The Fed Turns More Hawkish – Why Asian Bond Investors Should Not be Too Worried

Rising inflation and the recent hawkish pivot by the United States Federal Reserve have sparked concerns about a second taper tantrum in Asian bond markets. But is there any cause for concern?

Asia Pacific Head of Fixed Income

In June 2021, after over a year of ultra-easy monetary policy, the United States (US) Federal Reserve (Fed) surprised markets with a somewhat hawkish pivot. Its “dot-plot” outlook showed that most Federal Open Market Committee (FOMC) members now believe the central bank will hike rates at least twice by end-20231 . This was in conjunction with higher inflation forecasts and statements indicating the Fed would begin discussing the possibility of tapering its bond purchases 2.

You could argue that these moves were too subtle to qualify as ‘hawkish’, but in the current climate, even the slightest move by the Fed is enough to elicit a strong market response. In this case, the announcement jarred, given previous reassurances that tapering and rate hikes were further away. And as inflation in the US continues to hit record-highs3 , worries about the effect any tightening would have on Asian bonds have predictably emerged.

Should Asian bond investors be worried? The data suggests otherwise.

Treasury Yields Moving in the Opposite Direction
A more hawkish Fed would imply a rise in Treasury yields. While the 10-year US Treasury yield did increase by about 10 basis points (bps) to hit 1.57% on 16 June 20214 , it quickly retreated. As of 23 July 2021, it has dipped to 1.29% – a decrease of almost 30bps and a low not seen since February 2021.

The likely explanation for this pivot? Talking is easy. The Fed may have spoken about tapering and raising rates sooner, but in the end, though, it is still just a conversation with no immediate follow-up expected. Meanwhile, more tangible factors are sparking concerns about future economic growth, and that is pushing down yields as investors move toward safe-haven assets.

Chief among these factors is the resurgent coronavirus. Despite a promising start, vaccination programmes have been uneven amid organisational roadblocks or public scepticism, particularly among seniors. One-third of eligible adults in the US have yet to be vaccinated, and the country is now administering less than 500,000 doses a day5 . Cases are again quickly rising, putting a damper on the prospects of a broad-based economic recovery6 . This has been further exacerbated by a surprise jump in weekly jobless claims7 .

Another possible factor is that the Fed’s continued monthly purchases of US$120 billion worth of bonds8 . Considering that the yields on high-yield issues have remained relatively stable9 , the data appears to support the hypothesis that the Fed’s purchases are supporting Treasury prices and pulling down yields.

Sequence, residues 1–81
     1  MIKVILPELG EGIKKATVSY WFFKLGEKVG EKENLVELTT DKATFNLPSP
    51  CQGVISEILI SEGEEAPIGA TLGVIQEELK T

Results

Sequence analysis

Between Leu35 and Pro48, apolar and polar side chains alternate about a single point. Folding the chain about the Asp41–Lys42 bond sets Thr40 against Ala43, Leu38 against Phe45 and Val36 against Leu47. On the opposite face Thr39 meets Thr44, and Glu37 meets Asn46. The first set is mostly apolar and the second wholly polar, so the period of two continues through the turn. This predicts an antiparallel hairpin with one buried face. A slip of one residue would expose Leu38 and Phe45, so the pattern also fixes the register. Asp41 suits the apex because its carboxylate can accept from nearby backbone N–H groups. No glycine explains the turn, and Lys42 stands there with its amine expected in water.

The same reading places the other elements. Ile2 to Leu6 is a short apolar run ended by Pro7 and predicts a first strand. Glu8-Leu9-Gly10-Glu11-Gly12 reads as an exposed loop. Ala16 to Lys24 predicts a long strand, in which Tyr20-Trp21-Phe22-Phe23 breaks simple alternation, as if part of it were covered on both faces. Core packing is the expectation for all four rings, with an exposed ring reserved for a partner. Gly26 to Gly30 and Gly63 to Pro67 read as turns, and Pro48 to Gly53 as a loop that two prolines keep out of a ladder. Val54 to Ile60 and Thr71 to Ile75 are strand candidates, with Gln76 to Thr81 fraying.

A Long Way from the 2013 Taper Tantrum
The downward trend in US Treasury yields – even amid a more hawkish Fed and rising inflation – points toward the market being far removed from a repeat of the 2013 taper tantrum.

In that event, the 10-year US Treasury yield spiked by 140bps between May and September 2013, after the Fed suggested it would be pulling back on its bond purchases10 . This spurred heavy capital outflows from many emerging-market bonds, driving up yields. It also negatively affected their stock markets and currencies.

That is not what we currently see. Instead, the Fed’s “taper talk” is outweighed by much more substantial factors affecting yields. And rather than harming Asian bonds, it has provided an unexpected boon.

Yield Pickup is Now Even More Attractive
One of the key attractions of Asian bonds has always been the yield pickup on offer compared with their developed-market counterparts. Now, with declining US Treasury yields, that pickup has become even more attractive – even though the yields on Asian bonds are also generally falling11 . For instance, as of 23 July 2021, Chinese local-currency government bonds now offer a 1.62% yield pickup over 10-year US Treasuries12 . Indonesia’s pickup is 5.01%, while the Philippines’ stands at 2.61%.

So, it’s no surprise that foreign inflows are also surging. June 2021 data showed that foreign purchases of Asian bonds were the highest in two years13 . This was not limited to the higher-yielding markets either – lower-yielding territories like South Korea and Thailand have also seen record inflows14 . Equity markets, meanwhile, are experiencing outflows amid fears of rising coronavirus infections.

Fundamentals are Stronger, but be Mindful of the Risks
Beyond the fact that yields are moving in the opposite direction from what a possible taper tantrum would imply, Asia’s fundamentals are also more robust. With the memory of 2013 still fresh in their minds, the region’s central banks have established buffers to protect against any potential surge in yields: in 2020, US$467.7 billion was added to their foreign exchange reserves – the most since 201315 .

This is not to downplay any challenges. Riskier corporate bonds are indeed more vulnerable to any rise in yields – given their higher indebtedness, greater interest rate sensitivity, and generally shorter duration. By focusing their attention on government bonds, investors can enjoy substantial yield pickup and diversification while keeping risk under control.